Why you should care
Because more than 100 million people annually turn to his company for financial advice.
I catch Tim Chen, the 35-year-old founder and CEO of NerdWallet, on the morning after the Oscars. Did he watch? “No, I was too busy binge-watching Dirty Money,” he replies. I am not sure what that is. “It’s this really cool eight-part documentary series. There’s an episode about payday lending, the emissions scandal, price gouging by Valeant Pharmaceuticals, it’s all really neat,” Chen gushes.
That dizzy, all-consuming, geeky love of all things finance fuels Chen’s latest endeavor, NerdWallet, a company offering tools and advice to more than 100 million annual customers with questions about choosing the right credit card, paying off a mortgage, getting out of debt and more.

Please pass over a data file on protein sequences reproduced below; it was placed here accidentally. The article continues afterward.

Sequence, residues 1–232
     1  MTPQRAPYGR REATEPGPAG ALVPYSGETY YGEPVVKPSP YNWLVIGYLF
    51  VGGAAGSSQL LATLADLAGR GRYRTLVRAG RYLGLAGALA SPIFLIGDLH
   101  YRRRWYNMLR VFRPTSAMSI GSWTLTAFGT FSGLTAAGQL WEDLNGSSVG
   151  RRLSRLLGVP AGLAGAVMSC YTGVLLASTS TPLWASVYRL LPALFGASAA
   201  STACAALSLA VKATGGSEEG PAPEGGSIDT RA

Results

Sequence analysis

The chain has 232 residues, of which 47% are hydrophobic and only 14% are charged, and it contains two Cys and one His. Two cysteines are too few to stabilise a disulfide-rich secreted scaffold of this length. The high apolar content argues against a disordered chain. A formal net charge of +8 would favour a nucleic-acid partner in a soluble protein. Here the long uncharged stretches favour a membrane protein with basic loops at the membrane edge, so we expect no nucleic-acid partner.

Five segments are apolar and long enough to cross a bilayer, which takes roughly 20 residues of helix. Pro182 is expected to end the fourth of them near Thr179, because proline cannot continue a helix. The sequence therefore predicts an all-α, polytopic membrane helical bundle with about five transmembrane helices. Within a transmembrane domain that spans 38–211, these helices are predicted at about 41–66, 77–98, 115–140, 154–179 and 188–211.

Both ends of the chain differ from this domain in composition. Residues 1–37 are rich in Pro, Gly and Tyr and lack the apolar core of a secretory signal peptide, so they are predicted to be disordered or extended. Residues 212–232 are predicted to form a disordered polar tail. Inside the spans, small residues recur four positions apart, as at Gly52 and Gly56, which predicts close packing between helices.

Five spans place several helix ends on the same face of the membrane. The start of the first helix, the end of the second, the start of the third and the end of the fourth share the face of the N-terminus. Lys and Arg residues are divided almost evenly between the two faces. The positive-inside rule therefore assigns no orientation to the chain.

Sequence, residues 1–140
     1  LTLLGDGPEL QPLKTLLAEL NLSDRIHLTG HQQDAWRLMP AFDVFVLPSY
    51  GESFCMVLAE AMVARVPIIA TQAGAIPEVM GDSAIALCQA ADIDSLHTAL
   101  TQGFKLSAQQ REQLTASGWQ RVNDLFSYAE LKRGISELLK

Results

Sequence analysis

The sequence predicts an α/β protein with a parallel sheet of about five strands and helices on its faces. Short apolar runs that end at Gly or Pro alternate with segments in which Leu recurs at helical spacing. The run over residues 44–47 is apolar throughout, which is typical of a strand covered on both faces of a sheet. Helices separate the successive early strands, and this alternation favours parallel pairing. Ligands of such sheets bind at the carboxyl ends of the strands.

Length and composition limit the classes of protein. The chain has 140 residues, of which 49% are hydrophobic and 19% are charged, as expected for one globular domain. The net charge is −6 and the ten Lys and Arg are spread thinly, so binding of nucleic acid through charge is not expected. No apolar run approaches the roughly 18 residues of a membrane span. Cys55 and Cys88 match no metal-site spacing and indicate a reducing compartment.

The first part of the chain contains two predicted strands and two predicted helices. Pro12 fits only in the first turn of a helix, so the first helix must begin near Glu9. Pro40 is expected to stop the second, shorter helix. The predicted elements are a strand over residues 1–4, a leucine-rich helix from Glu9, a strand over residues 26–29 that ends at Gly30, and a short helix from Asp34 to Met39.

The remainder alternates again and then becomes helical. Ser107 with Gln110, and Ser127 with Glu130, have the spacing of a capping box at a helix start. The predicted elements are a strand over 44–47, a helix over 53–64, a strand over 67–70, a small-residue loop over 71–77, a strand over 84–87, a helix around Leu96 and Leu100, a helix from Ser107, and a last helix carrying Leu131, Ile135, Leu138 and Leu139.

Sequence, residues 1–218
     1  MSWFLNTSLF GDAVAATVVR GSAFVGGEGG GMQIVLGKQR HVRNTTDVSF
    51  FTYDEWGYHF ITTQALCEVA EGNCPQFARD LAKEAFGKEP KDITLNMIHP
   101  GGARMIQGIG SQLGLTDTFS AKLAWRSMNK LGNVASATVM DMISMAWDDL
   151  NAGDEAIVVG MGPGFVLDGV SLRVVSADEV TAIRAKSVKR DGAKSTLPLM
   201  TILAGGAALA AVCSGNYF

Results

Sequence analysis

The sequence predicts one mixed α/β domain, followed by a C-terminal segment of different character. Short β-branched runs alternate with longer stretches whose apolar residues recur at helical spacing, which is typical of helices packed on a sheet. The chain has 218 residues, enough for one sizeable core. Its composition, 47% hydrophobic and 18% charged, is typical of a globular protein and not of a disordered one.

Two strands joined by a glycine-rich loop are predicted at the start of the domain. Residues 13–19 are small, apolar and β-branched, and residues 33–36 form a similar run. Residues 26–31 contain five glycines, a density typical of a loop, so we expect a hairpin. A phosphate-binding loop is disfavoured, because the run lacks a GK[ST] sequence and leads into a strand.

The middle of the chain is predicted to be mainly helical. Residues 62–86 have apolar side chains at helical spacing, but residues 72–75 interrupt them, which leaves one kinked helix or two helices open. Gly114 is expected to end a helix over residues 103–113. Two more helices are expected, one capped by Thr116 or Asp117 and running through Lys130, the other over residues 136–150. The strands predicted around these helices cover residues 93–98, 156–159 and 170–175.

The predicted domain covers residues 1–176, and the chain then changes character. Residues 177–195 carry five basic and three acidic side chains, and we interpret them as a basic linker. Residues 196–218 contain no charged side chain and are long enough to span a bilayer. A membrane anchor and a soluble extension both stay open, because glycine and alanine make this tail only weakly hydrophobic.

Credit a special confluence of events for NerdWallet’s genesis: In December 2008, at the height of the Great Recession, Chen was laid off from a hedge fund job at JAT Capital. Nearly half his friends had also been let go, so he knew it would be a while before he found a new job. Chen remembers hanging out at Dave & Buster’s, which offered half-price games on Wednesdays, and thinking about next steps. When his sister Kim called asking for credit card advice — as an American launching a business in Australia, the foreign transaction fees were killing her — he was happy to help.
The game is completely rigged. That’s why financial advisers exist for the wealthy.